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Big Cable: Too Big?

Monday, November 5th, 2007

15,000 attendees turned out to the 2007 Cable Show in Las Vegas earlier this year, and more than a few must have been perplexed by this year’s improbable show theme:

“Competition works. Consumers win.”

For an industry many consider anti-competitive and consumer-unfriendly, the show theme seemed counter-intuitive, if not outrageous. Competition? Perhaps the idea was to pacify Day One’s featured speaker: Kevin Martin, Chairman of the FCC.

The FCC under Chairman Martin has been publicly critical of the Big Cable. This chart, compiled by the New York Times, helps explain why. The cost of cable television in the United States has outpaced inflation by a significant margin. This fact seems to indicate that the cable industry – led by Comcast, the nation’s largest cable provider – is taking advantage of a monopoly status to raise rates at will.

The cable industry strongly insists there is no monopoly. While Comcast is by far the largest provider of pay TV, they go head-to-head with other cable providers, like Time Warner, in many local markets. What’s more, phone companies like Qwest offer the same bundled packages – phone, high-speed internet and pay TV (through satellite partners) nationwide. Comcast would point out that they lost 65,000 subscribers in the last quarter. There’s plenty of competition, the cable industry contends. The cable industry has been deregulated since 1996 through an act of Congress, and that’s just the way Big Cable likes it.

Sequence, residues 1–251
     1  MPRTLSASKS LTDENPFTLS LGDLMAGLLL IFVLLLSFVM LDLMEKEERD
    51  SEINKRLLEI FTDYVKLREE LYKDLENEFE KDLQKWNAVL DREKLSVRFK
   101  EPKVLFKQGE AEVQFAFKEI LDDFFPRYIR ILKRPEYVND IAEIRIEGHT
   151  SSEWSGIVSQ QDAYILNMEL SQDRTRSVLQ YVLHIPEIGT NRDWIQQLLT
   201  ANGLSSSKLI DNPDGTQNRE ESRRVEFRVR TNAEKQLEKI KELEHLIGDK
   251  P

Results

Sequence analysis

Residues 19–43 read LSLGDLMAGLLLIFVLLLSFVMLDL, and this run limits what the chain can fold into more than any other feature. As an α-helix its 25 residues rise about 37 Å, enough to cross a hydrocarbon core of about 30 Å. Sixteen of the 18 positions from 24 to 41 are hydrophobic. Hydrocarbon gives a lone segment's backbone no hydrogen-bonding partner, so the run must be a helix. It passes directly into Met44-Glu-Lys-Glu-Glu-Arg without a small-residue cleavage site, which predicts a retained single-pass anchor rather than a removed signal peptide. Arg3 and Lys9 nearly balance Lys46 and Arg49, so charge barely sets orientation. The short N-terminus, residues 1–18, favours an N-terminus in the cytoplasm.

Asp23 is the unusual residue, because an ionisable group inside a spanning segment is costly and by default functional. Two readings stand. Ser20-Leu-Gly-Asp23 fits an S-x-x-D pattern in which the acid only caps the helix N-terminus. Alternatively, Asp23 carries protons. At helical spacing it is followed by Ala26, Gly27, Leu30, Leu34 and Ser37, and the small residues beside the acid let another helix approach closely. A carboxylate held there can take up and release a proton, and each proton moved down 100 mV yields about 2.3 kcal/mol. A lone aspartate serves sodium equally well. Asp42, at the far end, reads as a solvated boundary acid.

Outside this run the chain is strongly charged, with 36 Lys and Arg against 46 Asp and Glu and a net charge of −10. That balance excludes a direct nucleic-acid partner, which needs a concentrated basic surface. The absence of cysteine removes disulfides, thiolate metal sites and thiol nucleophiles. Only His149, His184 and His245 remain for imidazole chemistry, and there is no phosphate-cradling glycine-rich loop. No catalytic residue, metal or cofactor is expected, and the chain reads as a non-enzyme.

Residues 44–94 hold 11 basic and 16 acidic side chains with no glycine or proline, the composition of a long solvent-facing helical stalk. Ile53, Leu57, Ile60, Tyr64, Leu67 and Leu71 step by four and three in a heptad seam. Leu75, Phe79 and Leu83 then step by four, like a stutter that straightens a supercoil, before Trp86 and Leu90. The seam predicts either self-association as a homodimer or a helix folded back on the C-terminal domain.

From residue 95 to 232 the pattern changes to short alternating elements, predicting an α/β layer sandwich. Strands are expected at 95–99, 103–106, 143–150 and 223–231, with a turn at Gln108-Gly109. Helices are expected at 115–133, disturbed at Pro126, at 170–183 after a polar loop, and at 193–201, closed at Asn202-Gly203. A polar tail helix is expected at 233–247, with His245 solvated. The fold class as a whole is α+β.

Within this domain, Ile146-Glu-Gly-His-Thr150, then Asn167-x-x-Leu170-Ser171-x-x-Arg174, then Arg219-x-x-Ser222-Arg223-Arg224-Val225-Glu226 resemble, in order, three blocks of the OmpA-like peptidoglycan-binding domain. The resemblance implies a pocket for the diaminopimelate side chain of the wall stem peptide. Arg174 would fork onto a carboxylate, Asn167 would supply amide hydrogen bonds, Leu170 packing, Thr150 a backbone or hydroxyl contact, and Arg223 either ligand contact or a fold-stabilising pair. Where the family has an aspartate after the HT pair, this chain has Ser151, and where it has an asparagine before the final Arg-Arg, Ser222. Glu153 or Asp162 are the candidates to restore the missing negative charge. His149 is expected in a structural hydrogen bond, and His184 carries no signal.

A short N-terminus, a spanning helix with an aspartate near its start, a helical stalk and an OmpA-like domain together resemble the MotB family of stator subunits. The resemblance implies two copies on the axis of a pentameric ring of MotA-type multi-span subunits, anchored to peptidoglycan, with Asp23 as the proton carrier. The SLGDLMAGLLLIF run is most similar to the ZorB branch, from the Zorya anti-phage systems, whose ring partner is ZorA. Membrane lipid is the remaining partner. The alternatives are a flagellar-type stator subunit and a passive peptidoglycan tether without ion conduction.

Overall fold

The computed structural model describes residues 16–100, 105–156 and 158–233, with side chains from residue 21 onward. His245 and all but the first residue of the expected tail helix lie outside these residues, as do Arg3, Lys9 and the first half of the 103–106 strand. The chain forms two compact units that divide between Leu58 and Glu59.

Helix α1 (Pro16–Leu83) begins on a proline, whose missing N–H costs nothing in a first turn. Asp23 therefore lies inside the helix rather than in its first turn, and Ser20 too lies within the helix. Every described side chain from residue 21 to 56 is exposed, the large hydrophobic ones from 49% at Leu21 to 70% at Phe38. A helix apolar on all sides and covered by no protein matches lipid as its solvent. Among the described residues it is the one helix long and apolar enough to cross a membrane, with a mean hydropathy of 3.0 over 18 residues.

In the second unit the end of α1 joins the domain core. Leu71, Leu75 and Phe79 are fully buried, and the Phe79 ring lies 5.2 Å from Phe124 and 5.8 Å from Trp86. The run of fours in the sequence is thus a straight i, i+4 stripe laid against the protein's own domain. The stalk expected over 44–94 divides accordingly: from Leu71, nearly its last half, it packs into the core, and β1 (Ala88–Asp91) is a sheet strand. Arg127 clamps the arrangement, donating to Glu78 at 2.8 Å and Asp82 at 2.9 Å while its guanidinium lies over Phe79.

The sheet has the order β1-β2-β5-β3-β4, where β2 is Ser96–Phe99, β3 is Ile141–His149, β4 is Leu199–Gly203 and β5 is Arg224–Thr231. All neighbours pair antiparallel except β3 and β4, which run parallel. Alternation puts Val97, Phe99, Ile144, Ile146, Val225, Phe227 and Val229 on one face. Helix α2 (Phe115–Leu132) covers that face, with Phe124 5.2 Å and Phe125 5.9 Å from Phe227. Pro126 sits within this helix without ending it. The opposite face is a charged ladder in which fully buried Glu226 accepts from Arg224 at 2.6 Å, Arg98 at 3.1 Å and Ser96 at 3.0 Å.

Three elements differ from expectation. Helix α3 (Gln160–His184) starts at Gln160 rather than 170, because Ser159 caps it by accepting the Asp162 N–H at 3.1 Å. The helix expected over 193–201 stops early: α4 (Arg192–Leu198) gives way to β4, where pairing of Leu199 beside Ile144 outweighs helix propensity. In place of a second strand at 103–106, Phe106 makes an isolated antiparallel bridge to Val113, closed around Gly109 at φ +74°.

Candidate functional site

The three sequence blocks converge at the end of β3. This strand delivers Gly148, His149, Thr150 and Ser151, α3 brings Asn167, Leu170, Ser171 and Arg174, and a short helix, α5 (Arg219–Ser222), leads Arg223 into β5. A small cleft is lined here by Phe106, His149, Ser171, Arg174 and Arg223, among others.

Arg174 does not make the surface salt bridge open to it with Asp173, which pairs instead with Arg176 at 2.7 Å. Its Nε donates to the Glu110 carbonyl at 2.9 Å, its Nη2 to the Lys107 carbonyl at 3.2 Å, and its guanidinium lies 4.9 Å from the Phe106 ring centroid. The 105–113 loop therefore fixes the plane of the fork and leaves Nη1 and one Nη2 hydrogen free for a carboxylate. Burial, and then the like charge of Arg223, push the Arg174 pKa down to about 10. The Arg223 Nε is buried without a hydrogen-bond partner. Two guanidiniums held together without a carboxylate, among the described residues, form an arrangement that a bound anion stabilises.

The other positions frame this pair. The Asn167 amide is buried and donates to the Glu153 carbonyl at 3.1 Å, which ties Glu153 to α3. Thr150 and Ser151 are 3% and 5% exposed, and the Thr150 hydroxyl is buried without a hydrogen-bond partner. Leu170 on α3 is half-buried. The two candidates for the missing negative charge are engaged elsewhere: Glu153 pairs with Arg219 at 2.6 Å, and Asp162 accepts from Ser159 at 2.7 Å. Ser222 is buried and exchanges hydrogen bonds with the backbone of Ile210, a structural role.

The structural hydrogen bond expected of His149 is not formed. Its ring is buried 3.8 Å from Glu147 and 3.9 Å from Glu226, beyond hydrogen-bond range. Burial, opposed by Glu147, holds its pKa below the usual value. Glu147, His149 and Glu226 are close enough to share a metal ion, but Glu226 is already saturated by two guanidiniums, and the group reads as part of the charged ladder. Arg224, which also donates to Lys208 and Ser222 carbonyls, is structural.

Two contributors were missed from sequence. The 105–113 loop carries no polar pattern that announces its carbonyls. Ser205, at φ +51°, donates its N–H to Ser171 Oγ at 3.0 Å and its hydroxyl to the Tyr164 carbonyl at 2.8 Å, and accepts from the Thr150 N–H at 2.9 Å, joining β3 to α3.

Chairman Martin has been pushing the other members of the five-member commission to invoke the “70/70” rule of the Cable Communications act: when 70% of U.S. households are cable-ready, and 70% of those households subscribe to cable, the government is empowered to regulate the industry in favor of lower prices and more diverse programming. In an agency meeting last week, the commission rejected the “70-70” finding, citing unreliable data, in a vote considered a blow to cable consumers in general and Chairman Martin in particular.

Despite this defeat, the FCC have recently affected other, smaller changes that benefit consumers and the competitive landscape. For example, as of last month, specific cable companies may no longer have exclusivity on apartment buildings; building managers must allow competition between rival cable companies and satellite TV.

But this represents only a minor victory for consumers. In the remaining 13 months of his appointment, Martin’s goals are more ambitious:

  • Cable ownership limits, imposing a 30% cap on Comcast’s share of the pay-TV market while preventing other giants like Time Warner from making substantial new acquisitions
  • A la carte legislation, allowing cable subscribers to pick and choose which specific channels they want, instead of paying for large bundles of channels that go unwatched
  • Increased diversity programming, lowering the price of channel access to minority and women programmers
  • Dual carriage, forcing cable operators to carry local TV signals in both analog and digital form until all cable subscribers have upgraded to digital reception equipment

Chairman Martin is drafting a revised proposal for a possible vote at the agency’s next meeting, scheduled for December 18th. Consumer groups and cable proponents alike eagerly await the outcome. Is Big Cable too big? Does the pay-TV industry require government regulation? How will TV viewers benefit from greater competition? Stay tuned.

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